• In addition, 104 people who had a permanent residence application in process were given early admission to Canada in order to complete the application process here.
  • About 1,000 applications for 1,500 people received before the earthquake are being processed. In addition, over 2,200 applications for more than 3,300 people received after the earthquake are also being processed.
  • Medical examination facilities for people coming to Canada became available again as of March 8, 2010. Since then, we have received medical examination results for 234 persons. This is one of the key steps in the immigration process.
  • Interviews for immigration purposes resumed at the Canadian Embassy in Haiti on March 4, 2010.
  • On January 15, CIC ARCHIVED – announced that Canada was temporarily suspending the visa requirement for aid workers and evacuees from Haiti transiting through Canadian airports. This measure ended on March 15. The final number of non-commercial aircraft that came under this measure is:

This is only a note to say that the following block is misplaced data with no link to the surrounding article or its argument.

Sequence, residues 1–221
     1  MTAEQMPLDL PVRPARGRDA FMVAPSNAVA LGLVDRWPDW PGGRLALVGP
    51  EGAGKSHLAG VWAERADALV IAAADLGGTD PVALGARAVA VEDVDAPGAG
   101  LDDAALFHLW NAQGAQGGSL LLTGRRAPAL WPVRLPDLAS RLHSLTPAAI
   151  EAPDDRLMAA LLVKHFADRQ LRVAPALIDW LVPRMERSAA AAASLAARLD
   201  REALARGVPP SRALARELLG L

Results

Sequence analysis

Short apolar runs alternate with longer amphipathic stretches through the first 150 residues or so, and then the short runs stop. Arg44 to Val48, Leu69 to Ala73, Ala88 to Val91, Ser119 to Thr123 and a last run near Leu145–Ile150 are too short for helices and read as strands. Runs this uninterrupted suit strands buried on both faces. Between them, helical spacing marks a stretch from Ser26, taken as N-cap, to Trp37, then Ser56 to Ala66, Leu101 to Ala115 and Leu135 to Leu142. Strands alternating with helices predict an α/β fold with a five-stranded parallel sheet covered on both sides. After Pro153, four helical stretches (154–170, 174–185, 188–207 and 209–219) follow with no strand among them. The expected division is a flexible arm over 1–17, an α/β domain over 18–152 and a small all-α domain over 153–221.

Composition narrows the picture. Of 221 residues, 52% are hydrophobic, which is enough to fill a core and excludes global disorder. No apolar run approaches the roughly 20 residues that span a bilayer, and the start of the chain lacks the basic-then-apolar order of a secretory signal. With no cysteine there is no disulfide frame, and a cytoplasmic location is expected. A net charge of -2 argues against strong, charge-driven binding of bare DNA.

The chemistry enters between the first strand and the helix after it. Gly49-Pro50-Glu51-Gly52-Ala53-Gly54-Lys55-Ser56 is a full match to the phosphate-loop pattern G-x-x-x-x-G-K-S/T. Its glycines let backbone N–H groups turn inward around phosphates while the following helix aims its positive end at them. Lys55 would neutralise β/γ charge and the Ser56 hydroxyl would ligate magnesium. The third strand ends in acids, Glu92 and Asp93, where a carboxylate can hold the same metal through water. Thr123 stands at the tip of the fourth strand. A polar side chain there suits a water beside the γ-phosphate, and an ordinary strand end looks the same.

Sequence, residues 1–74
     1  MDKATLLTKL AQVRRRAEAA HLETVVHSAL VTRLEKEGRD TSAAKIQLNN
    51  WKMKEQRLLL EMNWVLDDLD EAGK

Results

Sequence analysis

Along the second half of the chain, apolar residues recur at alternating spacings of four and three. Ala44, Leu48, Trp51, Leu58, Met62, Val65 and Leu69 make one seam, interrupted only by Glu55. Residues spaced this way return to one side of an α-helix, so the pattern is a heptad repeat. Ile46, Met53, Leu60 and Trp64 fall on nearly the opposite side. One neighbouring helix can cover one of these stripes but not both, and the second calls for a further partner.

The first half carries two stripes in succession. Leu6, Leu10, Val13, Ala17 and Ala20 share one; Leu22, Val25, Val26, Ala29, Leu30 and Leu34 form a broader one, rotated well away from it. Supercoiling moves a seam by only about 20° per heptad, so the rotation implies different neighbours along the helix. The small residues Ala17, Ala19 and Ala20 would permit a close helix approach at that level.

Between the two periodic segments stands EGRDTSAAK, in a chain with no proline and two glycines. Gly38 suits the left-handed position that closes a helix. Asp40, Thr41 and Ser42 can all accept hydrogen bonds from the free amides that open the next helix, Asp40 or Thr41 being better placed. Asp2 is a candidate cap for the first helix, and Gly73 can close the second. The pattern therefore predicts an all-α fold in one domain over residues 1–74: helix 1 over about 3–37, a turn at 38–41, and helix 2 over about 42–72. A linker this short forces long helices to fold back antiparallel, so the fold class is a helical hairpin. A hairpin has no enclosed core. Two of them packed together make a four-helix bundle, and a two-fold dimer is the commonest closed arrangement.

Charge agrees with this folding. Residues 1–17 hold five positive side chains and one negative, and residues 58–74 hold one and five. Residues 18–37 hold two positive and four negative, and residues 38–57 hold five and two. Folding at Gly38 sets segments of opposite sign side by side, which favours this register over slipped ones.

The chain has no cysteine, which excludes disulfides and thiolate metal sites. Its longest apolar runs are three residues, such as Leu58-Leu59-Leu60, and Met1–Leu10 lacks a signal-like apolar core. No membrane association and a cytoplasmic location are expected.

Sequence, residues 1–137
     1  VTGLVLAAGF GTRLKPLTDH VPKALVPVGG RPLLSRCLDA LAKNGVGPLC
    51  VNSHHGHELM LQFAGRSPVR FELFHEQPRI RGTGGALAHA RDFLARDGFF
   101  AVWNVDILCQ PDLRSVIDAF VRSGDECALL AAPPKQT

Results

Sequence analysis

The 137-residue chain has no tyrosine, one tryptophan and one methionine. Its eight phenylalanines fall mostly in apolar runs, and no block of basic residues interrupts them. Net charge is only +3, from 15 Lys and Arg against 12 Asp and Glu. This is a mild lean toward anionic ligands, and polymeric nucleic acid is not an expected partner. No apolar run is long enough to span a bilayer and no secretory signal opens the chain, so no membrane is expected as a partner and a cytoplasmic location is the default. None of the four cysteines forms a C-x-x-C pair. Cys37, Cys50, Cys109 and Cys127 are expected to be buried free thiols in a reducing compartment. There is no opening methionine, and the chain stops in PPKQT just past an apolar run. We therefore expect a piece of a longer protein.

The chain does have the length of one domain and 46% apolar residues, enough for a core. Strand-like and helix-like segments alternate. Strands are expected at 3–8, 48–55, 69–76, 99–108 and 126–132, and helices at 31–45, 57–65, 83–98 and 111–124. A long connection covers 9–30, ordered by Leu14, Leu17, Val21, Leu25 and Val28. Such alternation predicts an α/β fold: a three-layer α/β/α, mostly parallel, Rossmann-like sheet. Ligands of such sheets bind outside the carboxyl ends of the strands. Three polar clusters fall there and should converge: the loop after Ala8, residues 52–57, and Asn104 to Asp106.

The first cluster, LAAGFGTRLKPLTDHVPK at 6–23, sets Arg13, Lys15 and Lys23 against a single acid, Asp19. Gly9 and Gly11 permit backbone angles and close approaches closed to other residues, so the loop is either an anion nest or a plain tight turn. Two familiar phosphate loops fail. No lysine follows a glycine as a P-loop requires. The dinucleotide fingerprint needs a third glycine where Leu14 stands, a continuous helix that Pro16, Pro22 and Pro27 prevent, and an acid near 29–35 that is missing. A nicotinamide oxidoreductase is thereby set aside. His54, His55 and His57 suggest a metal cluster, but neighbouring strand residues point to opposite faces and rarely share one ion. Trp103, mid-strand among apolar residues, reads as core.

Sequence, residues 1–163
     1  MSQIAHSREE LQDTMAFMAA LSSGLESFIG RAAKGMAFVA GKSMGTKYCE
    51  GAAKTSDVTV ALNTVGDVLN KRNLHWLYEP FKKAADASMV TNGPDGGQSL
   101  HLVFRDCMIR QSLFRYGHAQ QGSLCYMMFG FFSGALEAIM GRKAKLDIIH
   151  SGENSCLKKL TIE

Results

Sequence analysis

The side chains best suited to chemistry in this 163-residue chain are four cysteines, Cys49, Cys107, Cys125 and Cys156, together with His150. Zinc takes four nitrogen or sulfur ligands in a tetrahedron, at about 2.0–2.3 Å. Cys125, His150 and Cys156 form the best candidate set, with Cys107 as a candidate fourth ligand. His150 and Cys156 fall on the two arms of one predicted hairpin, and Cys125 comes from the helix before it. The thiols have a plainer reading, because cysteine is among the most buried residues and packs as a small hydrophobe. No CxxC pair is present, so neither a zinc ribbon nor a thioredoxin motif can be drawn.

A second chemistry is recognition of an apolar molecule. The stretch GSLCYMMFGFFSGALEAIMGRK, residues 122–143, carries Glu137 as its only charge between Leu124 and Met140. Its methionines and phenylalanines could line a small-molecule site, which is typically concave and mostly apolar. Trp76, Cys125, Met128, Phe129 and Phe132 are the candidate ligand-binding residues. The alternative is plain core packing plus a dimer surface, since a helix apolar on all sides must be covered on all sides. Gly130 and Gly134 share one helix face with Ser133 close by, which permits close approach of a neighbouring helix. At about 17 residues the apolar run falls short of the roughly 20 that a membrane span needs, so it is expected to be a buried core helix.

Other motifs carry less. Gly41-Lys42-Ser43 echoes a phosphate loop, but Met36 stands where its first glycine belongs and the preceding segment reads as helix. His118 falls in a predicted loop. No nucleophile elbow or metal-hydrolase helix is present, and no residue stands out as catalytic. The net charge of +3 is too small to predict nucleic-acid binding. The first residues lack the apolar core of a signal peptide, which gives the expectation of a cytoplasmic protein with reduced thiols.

• A total of 82 non-commercial aircraft have transited Gander for technical stops and/or refuelling in response to the humanitarian crisis in Haiti.
    • Of the 82 non-commercial aircraft, 17 aircraft carried 146 passengers that would normally require transit visas and who, therefore, benefitted from the public policy.
  • CIC has participated in a number of information sessions for the Haitian community in Montréal, Toronto, Welland, London, Windsor, Ottawa, Hamilton, and Vancouver to provide information on the special immigration measures and on how to sponsor immediate family members who were directly and seriously affected by the earthquake in Haiti. Over 4,100 people attended the information sessions across the country.